As a landowner in DeWitt County, I have been deeply invested in the issues surrounding the special use permit submitted by Tradewind Energy for an industrial wind complex. It is vital for county board members to be informed about several key issues, among a plethora of concerns, before voting.
FACT: DeWitt County has demonstrated overwhelming opposition to this project, and elected leaders should listen to the voice of their constituents. At the November 2019 RPC hearing, only three speakers presented in support of the project versus 22 in opposition. That’s over seven times greater representation from the community who proved that local support does not exist. The same was true at the January and February 2020 ZBA hearing where 14 speakers in support presented and 68 in opposition testified. The same is true with public attendance. At most, 4 percent of audience members at the ZBA hearing was comprised of supporters whereas 59 percent were in opposition. Typically, only 20-30 percent of audience members were supporters, but 70-80 percent of the audience represented the overwhelming majority of the community who understand the grievous cost of wind energy in DeWitt County.
FACT: Red flashing lights are the primary complaint of all who live within eye shot of industrial wind. An aircraft lighting mitigation system can reduce the frequency of those annoying lights by 95 percent. Currently, the only approved FAA approved lighting mitigation system is ADLS (aircraft detection lighting system). ADLS is activated ONLY when low flying aircraft (1,000 feet or lower) come within three nautical miles of the wind farm, activating the flashing lights until the plane exits the area. Tradewind has not pursued approval for their selected ADLs system from the county board as required by our ordinance. Board member, Lance Reece, who in 2018 proposed the ordinance language from “requiring” ADLS to “pursing” ADLS said during his proposal, “But if we don’t, as it was said earlier, ask them to do it, they’re probably not going to do it. Ultimately I think we should at least make them make the attempt.” Tradewind has not made the attempt with the FAA. Failure to comply with this DeWitt County ordinance is reason alone to deny the special use permit.
FACT: Another clear violation of our ordinances gives further reason for denial of the special use permit. DeWitt County ordinance requires submission of “an estimated cost of decommissioning provided by a mutually agreed upon licensed professional engineer.” Tradewind provided only a draft of a decommissioning plan, written by their independently selected firm. Board members must save the county from costly repercussions by denying this permit.
FACT: Tradewind stated several times during the ZBA hearing that elements of their application would be more finalized during the building permit process. If a special use permit is approved by the full board, board members no longer have a say in the issuance of building permits. The time to enforce compliance is now!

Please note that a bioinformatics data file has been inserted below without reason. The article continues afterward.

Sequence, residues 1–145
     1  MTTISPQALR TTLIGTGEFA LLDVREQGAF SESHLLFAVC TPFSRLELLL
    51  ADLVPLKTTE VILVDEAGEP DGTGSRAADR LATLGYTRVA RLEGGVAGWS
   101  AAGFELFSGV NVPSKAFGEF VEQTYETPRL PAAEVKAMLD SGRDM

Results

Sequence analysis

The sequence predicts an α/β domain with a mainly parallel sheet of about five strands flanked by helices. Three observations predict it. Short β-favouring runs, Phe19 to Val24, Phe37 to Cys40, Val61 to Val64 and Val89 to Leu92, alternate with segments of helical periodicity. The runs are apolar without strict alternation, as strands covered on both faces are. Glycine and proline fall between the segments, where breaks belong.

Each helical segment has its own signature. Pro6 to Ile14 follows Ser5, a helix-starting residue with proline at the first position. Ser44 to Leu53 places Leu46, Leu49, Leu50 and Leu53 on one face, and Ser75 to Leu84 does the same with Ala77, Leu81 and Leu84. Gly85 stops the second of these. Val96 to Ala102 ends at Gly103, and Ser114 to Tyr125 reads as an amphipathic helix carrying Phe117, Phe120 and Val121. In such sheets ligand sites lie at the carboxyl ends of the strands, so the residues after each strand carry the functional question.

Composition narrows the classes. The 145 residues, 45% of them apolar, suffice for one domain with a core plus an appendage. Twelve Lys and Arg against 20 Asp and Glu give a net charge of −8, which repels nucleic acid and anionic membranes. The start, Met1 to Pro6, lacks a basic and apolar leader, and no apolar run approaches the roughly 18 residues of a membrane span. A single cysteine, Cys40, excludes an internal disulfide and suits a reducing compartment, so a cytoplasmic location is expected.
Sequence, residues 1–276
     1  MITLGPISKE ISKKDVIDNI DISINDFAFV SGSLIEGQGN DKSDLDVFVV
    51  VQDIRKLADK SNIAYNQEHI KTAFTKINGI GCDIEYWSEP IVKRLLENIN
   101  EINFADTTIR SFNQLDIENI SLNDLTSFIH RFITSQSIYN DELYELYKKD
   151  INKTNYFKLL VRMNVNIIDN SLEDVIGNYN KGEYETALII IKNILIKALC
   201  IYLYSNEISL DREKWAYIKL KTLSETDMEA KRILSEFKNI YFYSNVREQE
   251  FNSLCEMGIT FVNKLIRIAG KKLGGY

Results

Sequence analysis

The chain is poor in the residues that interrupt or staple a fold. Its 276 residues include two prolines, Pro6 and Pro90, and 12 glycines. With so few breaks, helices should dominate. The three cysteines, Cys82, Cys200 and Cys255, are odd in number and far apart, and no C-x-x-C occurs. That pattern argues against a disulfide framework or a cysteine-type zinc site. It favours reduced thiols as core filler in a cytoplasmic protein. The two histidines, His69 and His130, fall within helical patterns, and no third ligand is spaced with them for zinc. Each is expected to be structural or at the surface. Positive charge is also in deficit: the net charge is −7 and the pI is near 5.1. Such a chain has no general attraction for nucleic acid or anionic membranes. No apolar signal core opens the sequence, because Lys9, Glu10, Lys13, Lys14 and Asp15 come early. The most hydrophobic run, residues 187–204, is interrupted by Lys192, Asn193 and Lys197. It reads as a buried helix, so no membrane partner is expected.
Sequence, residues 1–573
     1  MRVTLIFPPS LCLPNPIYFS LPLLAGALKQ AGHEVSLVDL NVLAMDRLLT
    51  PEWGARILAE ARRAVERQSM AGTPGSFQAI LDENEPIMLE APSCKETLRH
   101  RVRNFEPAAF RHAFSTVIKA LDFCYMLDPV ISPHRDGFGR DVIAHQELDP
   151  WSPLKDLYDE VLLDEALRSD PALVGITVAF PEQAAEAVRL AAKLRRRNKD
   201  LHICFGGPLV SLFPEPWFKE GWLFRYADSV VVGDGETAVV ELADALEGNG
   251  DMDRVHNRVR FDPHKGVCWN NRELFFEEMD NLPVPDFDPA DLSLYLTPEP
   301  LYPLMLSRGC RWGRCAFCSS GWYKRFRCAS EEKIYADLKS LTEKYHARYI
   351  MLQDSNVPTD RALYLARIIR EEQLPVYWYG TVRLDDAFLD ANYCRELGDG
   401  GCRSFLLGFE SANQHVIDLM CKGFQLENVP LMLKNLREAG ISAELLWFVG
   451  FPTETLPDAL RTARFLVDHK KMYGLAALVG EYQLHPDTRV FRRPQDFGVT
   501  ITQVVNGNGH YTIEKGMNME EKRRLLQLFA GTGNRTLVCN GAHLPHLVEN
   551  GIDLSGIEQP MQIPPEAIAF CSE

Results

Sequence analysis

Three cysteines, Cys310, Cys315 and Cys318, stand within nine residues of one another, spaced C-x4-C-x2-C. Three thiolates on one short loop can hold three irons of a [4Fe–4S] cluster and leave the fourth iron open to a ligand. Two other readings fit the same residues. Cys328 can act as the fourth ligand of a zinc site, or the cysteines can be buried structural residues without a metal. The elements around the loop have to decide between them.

FACT: District A is represented by three board members, Cole Ritter, Camille Redman and Lance Reece. Cole Ritter did not attend the May 21 regular county board meeting where discussion of wind energy was prevalent, nor the June 2 special vote that was scheduled to take place. This means landowners like myself were not equally represented for a project that will affect them most. It does not seem logical that those who will be most personally affected by this decision are not fully represented. Mr. Ritter, I urge you to attend and represent the voice of your constituents who have made it overwhelmingly clear that the Alta II wind project should not be constructed in your district.
FACT: Five wind towers incorrectly listed in the application as Clinton School District revenue generators are actually on Olympia School District property, making Tradewind’s projections for Clinton schools inaccurate.
FACT: In 2019, the Regional Planning Commission (RPC) did not recommend that the county board approve a special use permit application submitted by Tradewind. The ZBA also denied recommendation of approval. The full county board denied approval of the permit as well. The RPC then again heard fresh testimony about a second application and yet again did not recommend approval. After 51 hours of testimony in 2020, the ZBA also denied recommending that the county board approve the second application. How can a county board member provide a “yes” vote in good conscience, having failed to attend any of the ZBA hearings where first-hand testimony was given and denying the recommendation of those who invested in hearing 107 speakers present?
The above are facts. Not proposals. Not empty promises. A decision which should place the quality and safety of residents’ lives above all else must be based on current facts, all of which support unrelenting proof that the special use permit for industrial wind in DeWitt County should be denied.